When Harvey speaks, he releases a miasma of meanings, and I often felt myself swimming in his rapid philosophical musings and archaic references. He is a self-directed scholar of history, and his work often invokes time, with wooden ornamentation sourced from burned buildings, candle wax drippings and used industrial heaters. We spoke for over two hours, and afterward he offered to send me some sticklebacks, a Fall River seafood dish.
Harry Gould Harvey So I’m not sure, exactly, what your intentions are with this interview. What do you ask about?
Ross Simonini I like to discuss the life and person around the art, rather than the art itself.
HGH OK. Yeah, I totally know what you’re talking about, because that seems to be my relationship with art. I love it so much, but I have frustrations of course. I think it’s one of the more accurate social sciences that I participate in, where I could convey a greater sense of my personal journey to the collective.
RS What’s your relationship to Christianity?
HGH My relationship to Christianity was one that I entered attempting to negate to the highest degree, because of the patriarchal history, the monarchical nature of the papal supremacy, my distaste growing up in Portuguese Catholic high schools, my distaste at having to say prayers in Portuguese, and what felt like kind of forced indoctrination. So I entered Christianity trying to negate all that. It’s complicated. I feel like some sort of spiritual worker in the real world, but I’m a student of the comparative religions. So it’s not so much that I feel Christianity has a place more than Islam or Judaism or Bahai or Hinduism. But I spent some time in a detention centre as a high school student and read the Bible and it became like a source text for me, allegorically, poetically and linguistically, for my own self-discernment. But I’m interested in faith. I’m not interested in belief.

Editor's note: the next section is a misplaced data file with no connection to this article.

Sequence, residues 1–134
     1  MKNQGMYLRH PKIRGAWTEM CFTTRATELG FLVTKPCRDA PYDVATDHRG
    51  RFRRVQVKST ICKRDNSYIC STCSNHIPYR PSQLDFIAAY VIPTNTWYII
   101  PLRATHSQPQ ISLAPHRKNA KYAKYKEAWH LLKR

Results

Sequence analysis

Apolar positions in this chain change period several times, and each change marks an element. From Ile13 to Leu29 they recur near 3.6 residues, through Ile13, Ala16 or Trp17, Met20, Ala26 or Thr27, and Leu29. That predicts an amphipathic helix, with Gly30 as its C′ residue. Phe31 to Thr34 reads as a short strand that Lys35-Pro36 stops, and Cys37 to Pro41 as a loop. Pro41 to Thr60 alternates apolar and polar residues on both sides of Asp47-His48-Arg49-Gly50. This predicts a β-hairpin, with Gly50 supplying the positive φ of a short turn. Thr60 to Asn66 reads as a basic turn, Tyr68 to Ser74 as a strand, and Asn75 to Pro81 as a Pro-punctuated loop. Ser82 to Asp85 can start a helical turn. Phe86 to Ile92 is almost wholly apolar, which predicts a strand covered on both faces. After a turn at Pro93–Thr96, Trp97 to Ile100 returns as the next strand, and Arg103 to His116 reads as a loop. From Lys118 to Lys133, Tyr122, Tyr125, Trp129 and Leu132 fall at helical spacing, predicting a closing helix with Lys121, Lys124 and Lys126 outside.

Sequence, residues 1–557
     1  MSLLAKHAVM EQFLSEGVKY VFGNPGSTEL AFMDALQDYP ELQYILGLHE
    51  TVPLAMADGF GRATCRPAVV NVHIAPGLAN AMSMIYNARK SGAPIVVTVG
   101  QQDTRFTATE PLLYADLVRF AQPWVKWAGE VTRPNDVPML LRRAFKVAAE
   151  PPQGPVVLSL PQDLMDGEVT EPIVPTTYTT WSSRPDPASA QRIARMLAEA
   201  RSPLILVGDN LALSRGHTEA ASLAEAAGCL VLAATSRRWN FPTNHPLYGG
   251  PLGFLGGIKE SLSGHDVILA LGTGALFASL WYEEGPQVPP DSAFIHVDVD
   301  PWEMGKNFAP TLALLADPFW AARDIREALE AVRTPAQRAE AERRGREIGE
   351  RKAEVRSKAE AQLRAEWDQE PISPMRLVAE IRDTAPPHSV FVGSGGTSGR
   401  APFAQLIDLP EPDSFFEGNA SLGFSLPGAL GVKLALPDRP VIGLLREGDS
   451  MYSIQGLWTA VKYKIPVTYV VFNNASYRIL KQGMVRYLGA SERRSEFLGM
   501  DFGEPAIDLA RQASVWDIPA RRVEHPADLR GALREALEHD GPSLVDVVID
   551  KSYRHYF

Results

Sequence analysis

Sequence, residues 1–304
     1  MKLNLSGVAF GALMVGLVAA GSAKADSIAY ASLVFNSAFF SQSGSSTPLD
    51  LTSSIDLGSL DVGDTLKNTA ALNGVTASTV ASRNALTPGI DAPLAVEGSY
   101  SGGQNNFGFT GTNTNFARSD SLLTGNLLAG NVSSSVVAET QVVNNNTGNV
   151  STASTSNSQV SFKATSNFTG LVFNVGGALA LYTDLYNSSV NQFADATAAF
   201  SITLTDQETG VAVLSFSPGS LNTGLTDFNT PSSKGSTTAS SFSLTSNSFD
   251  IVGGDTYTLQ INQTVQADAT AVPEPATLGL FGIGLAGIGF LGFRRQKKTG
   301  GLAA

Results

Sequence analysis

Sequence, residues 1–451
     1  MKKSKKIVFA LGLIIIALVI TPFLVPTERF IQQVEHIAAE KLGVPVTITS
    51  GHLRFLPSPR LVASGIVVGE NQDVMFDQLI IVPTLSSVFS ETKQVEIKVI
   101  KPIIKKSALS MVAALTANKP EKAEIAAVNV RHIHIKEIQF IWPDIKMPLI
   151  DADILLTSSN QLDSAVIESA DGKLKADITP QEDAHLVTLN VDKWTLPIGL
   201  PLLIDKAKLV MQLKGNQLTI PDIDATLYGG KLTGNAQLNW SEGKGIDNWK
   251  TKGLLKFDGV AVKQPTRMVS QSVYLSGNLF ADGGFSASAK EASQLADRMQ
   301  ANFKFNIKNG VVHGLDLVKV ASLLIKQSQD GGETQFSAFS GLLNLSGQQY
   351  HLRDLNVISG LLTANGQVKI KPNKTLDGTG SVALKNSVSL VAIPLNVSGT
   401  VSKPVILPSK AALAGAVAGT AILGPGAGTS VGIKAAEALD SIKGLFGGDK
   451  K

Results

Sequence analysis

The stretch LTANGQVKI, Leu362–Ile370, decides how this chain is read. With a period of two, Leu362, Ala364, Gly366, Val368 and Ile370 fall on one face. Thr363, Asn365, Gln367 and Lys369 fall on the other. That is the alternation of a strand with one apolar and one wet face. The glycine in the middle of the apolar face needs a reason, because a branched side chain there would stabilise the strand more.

RS What’s the difference for you?
HGH Belief is a knowing that’s not like a gnosis, that’s not like an internal knowledge. Belief, in my understanding, is the ossification of faith. But faith must be living and refreshable or else you’ll fall victim to the ossification of belief. And then belief becomes a structure that we have to combat with mysticism, which is kind of antithetical to the whole point of having faith to begin with.